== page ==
Blithe Spirit, by Noël Coward. Directed by Maggie Mancinelli-Cahill. Reviewed by J. Peter Bergman.
Brenny Rabine, Gary Lindemann, Yvonne Perry; photo: Kate Penn
"Quien sabe? as the Spanish say."
Eileen Schuyler; photo: Kate Penn
Noël Coward, to lighten the hearts of his people in London during the darkest days of World War II, wrote the comedy "Blithe Spirit" - a play that celebrates death. He created a country gentleman who writes murder mystery novels, the man's controlling wife, his dead flirtatious first wife, a medium and other folks to amuse, a talent this author had and celebrated often. I first saw the play on television in 1956 with Coward, Lauren Bacall, Claudette Colbert and Mildred Natwick in the leading roles. I have loved it ever since. It is the finest comedy about living with the presence of the dead ever written, but it is a difficult play to do well. It has farcical elements, but it isn't a farce. It is a character-driven play whose characters can never be caricatures. The impossible situation (let's say) needs the subtlety of a contemporary drama to be the funny work it is intended to be. It cannot be used to make fun of its characters or of the people upon whom this situation is presumably based.
In Capital Rep's current production some of the best intentions regarding comic style have been overlooked and even circumvented by a talented crew who seem to find the "arch" British concept, a stylized conceit that self-mocks the Brits, to be the way to go in this production. What this has done is simple: not funny, not funny at all. However, it does point up some ideas that have not been explored much in the past. For instance, Lorenz Hart (of Rodgers and Hart) wrote in one ofhis last shows the lyric that sings "You always love the same girl in every girl you love," and we see this clearly in Maggie Mancinelli-Cahill's production. Charles Condomine has loved and married two women, Elvira who died early in their marriage and Ruth, his current wife. From the chatter about Elvira it would seem that the two women have little in common. But as played here by Yvonne Perry and Brenny Rabine, the two become flip sides of the same, thin coin. Both control their husband with iron fists; both are jealous, havoc-creating females who wind up visually becoming the exact same person, even physically melting into one another.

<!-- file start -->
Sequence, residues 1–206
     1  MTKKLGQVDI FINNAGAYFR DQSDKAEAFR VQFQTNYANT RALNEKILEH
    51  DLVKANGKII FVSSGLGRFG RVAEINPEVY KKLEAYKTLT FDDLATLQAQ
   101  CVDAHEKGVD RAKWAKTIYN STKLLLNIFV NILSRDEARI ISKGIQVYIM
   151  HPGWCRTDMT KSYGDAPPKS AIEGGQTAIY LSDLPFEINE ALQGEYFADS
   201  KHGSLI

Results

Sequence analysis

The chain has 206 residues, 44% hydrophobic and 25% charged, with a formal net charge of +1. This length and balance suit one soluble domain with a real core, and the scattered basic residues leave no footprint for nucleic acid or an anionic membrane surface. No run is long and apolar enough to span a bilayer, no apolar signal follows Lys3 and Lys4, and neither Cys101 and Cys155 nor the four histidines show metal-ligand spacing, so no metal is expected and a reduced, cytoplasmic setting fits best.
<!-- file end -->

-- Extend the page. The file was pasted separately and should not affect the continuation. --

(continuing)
Charles is a weak man in this production who, in Coward's only failure in the writing, ultimately confesses to being as weak and wilfull a man as Elvira was a woman, thereby losing sympathy at the end and leaving the only hero of the play a toss-up between the medium and the maid.
The maid, Edith, emerges as the unsung star of this production. As played by Kelsey Torstveit, Edith becomes the one truly sympathetic character and one who is both genuinely funny to watch and so very human and vulnerable within the plot. Torstveit is brilliant and her Edith will be long remembered for everything she brought to the role, but most especially for the quality of her humility and its hidden strength.